[Note: Text was added to the original graphs and tables.]
John McCain's modest recent momentum continued over the past 24 hours as he reduced Barack Obama's lead in the national popular vote by 0.4 percentage points:
However, the electoral vote distribution remained unchanged with Obama continuing to hold a solid lead:
Although there was no change in the Electoral College vote, the national electoral map continued to show some movement towards McCain as Virginia slipped into the swing state category:
Among the swing states, McCain further consolidated his lead in Florida and crept closer to Obama in Nevada. The race continued to tighted in Colorado while, as I noted above, Virginia joined the swing state club over the past 24 hours:
In the Bellwether states, McCain inched closer to Obama in both Missouri and Ohio. However, Obama continues to lead in both states and McCain has a considerable uphill climb to capture these two crucial states:
We continue our regional series with what I call the Outer West. These states surround the Lower 48 Inner West states of Idaho, Wyoming and Utah and they include (going clockwise from north to west) Montana, Colorado, New Mexico, Arizona and Nevada.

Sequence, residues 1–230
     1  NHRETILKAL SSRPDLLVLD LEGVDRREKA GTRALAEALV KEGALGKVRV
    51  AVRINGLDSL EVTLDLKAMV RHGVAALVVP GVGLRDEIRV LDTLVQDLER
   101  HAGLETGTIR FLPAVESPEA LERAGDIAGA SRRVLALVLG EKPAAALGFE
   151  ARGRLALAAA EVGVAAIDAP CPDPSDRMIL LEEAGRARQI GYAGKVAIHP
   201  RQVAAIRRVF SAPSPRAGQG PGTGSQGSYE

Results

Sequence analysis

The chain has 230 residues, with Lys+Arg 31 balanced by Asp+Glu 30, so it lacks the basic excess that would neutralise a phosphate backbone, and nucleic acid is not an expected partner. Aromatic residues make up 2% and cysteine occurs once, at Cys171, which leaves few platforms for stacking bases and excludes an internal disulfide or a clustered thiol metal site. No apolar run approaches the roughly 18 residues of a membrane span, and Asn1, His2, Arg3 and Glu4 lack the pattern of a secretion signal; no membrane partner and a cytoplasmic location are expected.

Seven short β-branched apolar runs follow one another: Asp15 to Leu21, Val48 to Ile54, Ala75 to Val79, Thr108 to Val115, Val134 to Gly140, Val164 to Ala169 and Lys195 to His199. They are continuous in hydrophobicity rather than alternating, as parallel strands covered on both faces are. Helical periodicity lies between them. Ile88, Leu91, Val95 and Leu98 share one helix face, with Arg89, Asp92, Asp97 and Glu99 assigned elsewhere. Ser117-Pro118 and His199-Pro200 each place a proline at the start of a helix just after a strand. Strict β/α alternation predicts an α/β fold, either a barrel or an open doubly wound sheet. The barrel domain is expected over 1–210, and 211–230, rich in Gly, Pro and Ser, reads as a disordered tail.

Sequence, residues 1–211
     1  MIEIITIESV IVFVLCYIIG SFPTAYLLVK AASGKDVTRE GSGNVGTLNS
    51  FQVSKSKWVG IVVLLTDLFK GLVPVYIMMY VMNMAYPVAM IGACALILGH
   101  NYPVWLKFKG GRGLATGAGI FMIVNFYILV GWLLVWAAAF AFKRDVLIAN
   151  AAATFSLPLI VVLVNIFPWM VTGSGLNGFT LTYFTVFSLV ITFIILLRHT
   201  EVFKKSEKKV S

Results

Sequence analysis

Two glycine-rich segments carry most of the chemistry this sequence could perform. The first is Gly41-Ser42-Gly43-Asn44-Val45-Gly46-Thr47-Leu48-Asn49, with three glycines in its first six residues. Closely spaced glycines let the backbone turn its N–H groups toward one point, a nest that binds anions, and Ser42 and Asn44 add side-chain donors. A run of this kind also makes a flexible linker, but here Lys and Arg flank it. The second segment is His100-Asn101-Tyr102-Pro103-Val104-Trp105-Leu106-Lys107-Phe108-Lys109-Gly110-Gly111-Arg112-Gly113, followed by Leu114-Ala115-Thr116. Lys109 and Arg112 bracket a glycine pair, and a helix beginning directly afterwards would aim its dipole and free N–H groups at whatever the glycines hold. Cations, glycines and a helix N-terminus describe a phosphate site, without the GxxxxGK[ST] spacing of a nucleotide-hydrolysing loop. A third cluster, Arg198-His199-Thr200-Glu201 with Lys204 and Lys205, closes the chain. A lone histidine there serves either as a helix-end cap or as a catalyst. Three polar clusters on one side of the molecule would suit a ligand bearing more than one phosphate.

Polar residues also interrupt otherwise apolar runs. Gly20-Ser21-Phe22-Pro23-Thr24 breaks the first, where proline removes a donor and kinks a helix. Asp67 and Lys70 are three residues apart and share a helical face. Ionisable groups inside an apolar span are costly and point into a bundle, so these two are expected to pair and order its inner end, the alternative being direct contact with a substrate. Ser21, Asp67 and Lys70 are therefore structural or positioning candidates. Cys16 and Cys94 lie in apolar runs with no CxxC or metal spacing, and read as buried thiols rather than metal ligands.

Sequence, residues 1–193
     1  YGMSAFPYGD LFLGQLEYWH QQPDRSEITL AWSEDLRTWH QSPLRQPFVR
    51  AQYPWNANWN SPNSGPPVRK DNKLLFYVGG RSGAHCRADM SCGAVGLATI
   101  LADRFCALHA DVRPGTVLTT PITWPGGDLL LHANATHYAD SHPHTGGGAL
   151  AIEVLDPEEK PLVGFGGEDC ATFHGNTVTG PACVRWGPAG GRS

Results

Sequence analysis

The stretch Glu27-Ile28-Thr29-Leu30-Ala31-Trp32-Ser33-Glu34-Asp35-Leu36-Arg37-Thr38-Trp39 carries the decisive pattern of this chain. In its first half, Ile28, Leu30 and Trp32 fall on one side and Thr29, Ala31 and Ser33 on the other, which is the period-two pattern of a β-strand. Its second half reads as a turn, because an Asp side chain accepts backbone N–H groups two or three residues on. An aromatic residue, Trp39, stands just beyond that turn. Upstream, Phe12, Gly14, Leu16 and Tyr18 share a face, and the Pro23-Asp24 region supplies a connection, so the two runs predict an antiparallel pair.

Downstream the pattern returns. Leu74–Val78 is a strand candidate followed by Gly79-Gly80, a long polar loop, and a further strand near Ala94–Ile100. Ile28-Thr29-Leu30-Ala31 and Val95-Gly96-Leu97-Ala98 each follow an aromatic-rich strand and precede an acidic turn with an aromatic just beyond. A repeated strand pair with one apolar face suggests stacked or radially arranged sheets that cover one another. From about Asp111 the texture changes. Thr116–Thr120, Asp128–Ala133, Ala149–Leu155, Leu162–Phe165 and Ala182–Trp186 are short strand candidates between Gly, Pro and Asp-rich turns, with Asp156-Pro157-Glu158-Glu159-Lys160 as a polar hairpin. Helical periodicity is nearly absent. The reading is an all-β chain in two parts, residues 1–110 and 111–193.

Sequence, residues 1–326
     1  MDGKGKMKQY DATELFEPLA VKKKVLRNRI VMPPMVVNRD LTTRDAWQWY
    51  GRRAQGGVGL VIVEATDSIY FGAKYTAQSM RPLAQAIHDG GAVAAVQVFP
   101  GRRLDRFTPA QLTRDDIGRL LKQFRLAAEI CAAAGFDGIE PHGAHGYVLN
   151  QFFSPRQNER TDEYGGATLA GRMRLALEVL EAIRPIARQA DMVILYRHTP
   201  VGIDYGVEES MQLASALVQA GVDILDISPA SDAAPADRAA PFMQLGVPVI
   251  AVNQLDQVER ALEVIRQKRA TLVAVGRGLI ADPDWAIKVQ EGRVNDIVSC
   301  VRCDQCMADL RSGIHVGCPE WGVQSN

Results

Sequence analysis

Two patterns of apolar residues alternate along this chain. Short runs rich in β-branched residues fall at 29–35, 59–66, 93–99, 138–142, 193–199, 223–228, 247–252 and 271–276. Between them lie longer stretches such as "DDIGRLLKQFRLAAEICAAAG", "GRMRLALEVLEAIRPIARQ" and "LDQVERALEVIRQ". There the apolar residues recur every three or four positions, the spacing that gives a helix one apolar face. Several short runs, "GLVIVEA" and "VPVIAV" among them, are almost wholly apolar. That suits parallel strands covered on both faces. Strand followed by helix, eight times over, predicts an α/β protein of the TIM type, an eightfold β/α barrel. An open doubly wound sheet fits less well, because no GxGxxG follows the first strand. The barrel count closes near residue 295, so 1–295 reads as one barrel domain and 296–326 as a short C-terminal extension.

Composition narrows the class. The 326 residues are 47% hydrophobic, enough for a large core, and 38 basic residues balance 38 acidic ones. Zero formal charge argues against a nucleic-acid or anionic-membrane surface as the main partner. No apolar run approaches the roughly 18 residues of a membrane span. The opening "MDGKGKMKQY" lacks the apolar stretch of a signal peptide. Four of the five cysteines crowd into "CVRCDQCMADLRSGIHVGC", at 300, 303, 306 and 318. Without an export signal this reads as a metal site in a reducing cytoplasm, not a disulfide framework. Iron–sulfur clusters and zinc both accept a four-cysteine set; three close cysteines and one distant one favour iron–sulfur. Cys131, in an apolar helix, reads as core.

These mountainous and far-from-heavily populated states have an electoral history not dissimilar to that of the Inner West states. The Populist candidate James Weaver carried Nevada and Colorado in the 1892 election while the populist Democratic candidate William Jennings Bryan carried the region with more than 80% of the vote (note that Arizona and New Mexico did not become states until 1912). The region voted Democratic as a bloc in the three-way 1912 race and in 1916 and the region leaned Democratic through the 1948 election. Although Outer West has leaned Republican since the 1952 election the region has become more competitive in recent elections. Bill Clinton carried four of five states here in 1992 and three states here in 1996 and although George W. Bush carried every state in the region in 2004, his margin of victory was 5 percentage points or less in three of these five states. There is every indication that the Outer West will be among the nation's most competitive in 2008: